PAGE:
The two-time defending champions have stumbled to a 5-5 start over the first month of the 2024 season.

What the heck is wrong with the Las Vegas Aces?

The two-time defending WNBA champions dropped to a measly 5-5 after a stinging defeat Tuesday against the upstart Minnesota Lynx. The 14-point loss is the third in a row for the Aces, who lost only six games in the entire 2023 regular season.

After the loss, Las Vegas coach Becky Hammon told reporters, “I’m not sure why the trust isn’t there,” which might sound alarming out of context. Even with two-time MVP center A’ja Wilson playing the best basketball of her career, the Aces are riding a three-game skid.

However, the rest of the WNBA would be wise not to underestimate this team.

Wilson leads the league with 28.5 points and 11.8 rebounds per game. She also ranks third in the league in blocks (2.7 per game) and fourth in steals (1.9 per game). She’s an early front-runner to win Most Valuable Player again, but the Aces’ struggles are a reminder that basketball is a five-on-five game.

A’ja Wilson of the Las Vegas Aces is greeted by teammates during player introductions before the team’s home opener against the Phoenix Mercury at Michelob ULTRA Arena on May 14, 2024, in Las Vegas.

A’ja Wilson is playing like an MVP, but the Las Vegas Aces have stumbled to a 5-5 start.

Ethan Miller / Getty Images

The absence of key players is a big reason for Las Vegas’ struggles.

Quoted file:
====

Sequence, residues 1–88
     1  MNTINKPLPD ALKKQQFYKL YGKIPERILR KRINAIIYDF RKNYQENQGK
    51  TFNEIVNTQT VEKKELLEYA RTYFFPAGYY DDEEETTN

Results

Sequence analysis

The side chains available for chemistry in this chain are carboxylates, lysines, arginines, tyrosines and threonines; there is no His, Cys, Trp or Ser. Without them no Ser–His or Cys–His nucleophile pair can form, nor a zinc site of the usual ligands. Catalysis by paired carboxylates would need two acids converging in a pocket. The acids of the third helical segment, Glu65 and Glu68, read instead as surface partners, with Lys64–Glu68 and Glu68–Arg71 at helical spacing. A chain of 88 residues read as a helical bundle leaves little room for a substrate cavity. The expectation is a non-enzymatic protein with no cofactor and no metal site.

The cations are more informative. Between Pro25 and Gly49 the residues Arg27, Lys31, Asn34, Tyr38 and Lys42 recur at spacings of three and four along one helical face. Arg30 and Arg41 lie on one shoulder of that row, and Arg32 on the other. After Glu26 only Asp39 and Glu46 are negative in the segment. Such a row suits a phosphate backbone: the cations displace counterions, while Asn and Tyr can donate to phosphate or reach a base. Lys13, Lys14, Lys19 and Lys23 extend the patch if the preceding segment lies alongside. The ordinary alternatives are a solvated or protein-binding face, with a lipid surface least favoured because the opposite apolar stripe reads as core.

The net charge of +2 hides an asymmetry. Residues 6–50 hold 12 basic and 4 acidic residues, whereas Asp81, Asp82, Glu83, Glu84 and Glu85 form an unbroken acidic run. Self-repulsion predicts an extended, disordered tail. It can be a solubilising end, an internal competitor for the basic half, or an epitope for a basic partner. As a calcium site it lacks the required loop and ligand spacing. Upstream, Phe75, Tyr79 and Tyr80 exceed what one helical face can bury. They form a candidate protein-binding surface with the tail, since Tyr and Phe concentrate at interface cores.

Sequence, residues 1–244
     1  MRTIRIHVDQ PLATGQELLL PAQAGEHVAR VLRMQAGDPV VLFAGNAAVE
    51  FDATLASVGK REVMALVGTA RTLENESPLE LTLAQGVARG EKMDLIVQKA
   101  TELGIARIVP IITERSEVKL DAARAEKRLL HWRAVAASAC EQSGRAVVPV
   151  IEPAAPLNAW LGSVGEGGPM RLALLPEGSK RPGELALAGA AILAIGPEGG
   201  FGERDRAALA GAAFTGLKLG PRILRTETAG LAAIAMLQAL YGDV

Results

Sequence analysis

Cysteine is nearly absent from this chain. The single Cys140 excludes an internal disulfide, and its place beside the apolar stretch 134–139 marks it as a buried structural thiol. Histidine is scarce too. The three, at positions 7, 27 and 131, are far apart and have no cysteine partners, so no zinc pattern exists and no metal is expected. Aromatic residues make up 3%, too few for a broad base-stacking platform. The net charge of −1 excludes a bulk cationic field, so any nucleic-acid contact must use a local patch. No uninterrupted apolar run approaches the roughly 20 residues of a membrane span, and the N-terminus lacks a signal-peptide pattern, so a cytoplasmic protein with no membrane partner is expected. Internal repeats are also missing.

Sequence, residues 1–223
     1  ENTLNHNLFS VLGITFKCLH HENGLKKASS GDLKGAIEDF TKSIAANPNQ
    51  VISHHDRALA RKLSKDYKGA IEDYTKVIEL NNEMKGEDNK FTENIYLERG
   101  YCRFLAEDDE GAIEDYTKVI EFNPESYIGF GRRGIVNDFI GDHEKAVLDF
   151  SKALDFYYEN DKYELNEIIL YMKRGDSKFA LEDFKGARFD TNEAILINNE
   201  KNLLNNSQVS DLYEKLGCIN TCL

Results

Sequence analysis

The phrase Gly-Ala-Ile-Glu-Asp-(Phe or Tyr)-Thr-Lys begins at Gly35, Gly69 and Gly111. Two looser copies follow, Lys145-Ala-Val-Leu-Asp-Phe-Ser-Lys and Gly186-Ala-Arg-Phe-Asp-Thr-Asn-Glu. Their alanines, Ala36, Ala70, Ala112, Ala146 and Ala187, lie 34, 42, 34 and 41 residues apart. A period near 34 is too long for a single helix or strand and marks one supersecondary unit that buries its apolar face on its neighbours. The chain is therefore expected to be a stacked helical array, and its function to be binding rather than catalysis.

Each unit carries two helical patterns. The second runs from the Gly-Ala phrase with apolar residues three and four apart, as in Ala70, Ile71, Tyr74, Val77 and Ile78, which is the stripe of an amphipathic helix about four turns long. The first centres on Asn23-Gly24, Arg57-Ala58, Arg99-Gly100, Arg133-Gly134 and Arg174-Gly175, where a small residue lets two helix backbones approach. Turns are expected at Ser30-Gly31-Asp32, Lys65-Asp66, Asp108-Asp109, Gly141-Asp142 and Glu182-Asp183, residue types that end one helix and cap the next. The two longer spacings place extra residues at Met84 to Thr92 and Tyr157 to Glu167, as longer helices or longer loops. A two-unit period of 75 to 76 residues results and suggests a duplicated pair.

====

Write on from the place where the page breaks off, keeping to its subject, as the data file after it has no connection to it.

Five-time All-Star point guard Chelsea Gray, who averaged career highs in points (15.3) and assists (7.3) per game last season, has yet to make her 2024 debut due to a left foot injury suffered during last year’s WNBA Finals. She is expected to return around the Olympic break, but until then, the Aces are missing their anchor. Her ability to run the offense is sorely missed.

In Gray’s place is Jackie Young, who started this season with four consecutive 20-plus point performances before falling ill with a virus. She’s missed one game and played fewer minutes since. Even when she plays, she hasn’t been at her best, having scored a combined nine points in her last two appearances.

Still, there are things the Aces can improve in the meantime — especially on defense. Las Vegas ranks eighth among the WNBA’s 12 teams in allowing 83.9 points per game. Last season, the Aces ranked second in the league in scoring defense at 80.3 points per game.

Here are a few things to consider before pushing the panic button on the 2024 Las Vegas Aces.

First, Gray’s eventual return will make the Aces offense look more coordinated overall. Young, a two-time All-Star in her own right, should be fully healthy even sooner. Tiffany Hayes, who came out of retirement to sign with the Aces on May 31, is only four games into her season and could provide a boost when she is fully conditioned. Hammon is also relying heavily on rookie Kate Martin, evinced by her 20.3 minutes per game average. Although Hammon described Martin as “pro-ready” during training camp, the former Iowa standout needs time to acclimate to the WNBA.

The rest of the WNBA also has targeted the mighty Aces for the better part of three seasons — and they will not be letting up just because Las Vegas has lost a few games. Right now, teams are attacking the Aces’ perimeter defense instead of trying to challenge the 6-foot-4 Wilson in the paint. Indeed, opponents are shooting an impressive 39.7% on 3-pointers this season. In the Aces’ 100-86 loss to the Lynx on Tuesday night, Minnesota shot 15-of-27 (55.6%) from 3-point range.

The Aces play five games in the next two weeks, but the slate is challenging, with matchups against Phoenix (6-6), New York (11-2), Seattle (8-4) and Connecticut (11-1). This stretch could tell us a lot about what to expect from the Aces the rest of the season.